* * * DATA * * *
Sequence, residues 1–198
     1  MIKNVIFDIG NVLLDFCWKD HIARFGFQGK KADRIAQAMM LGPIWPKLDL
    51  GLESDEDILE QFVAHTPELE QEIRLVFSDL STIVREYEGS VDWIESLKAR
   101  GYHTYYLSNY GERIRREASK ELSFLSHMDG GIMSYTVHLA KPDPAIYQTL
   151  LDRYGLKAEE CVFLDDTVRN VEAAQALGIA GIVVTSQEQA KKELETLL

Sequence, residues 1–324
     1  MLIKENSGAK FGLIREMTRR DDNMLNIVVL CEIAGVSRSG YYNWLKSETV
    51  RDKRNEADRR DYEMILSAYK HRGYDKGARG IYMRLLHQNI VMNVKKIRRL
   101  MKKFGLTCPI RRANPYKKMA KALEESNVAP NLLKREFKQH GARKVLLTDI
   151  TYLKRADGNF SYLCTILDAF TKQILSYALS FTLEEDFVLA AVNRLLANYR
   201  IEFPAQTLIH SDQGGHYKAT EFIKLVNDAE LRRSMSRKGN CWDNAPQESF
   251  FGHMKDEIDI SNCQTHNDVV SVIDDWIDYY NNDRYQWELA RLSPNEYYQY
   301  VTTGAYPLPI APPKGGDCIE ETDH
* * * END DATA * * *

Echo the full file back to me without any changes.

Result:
Sequence, residues 1–198
     1  MIKNVIFDIG NVLLDFCWKD HIARFGFQGK KADRIAQAMM LGPIWPKLDL
    51  GLESDEDILE QFVAHTPELE QEIRLVFSDL STIVREYEGS VDWIESLKAR
   101  GYHTYYLSNY GERIRREASK ELSFLSHMDG GIMSYTVHLA KPDPAIYQTL
   151  LDRYGLKAEE CVFLDDTVRN VEAAQALGIA GIVVTSQEQA KKELETLL

Sequence, residues 1–324
     1  MLIKENSGAK FGLIREMTRR DDNMLNIVVL CEIAGVSRSG YYNWLKSETV
    51  RDKRNEADRR DYEMILSAYK HRGYDKGARG IYMRLLHQNI VMNVKKIRRL
   101  MKKFGLTCPI RRANPYKKMA KALEESNVAP NLLKREFKQH GARKVLLTDI
   151  TYLKRADGNF SYLCTILDAF TKQILSYALS FTLEEDFVLA AVNRLLANYR
   201  IEFPAQTLIH SDQGGHYKAT EFIKLVNDAE LRRSMSRKGN CWDNAPQESF
   251  FGHMKDEIDI SNCQTHNDVV SVIDDWIDYY NNDRYQWELA RLSPNEYYQY
   301  VTTGAYPLPI APPKGGDCIE ETDH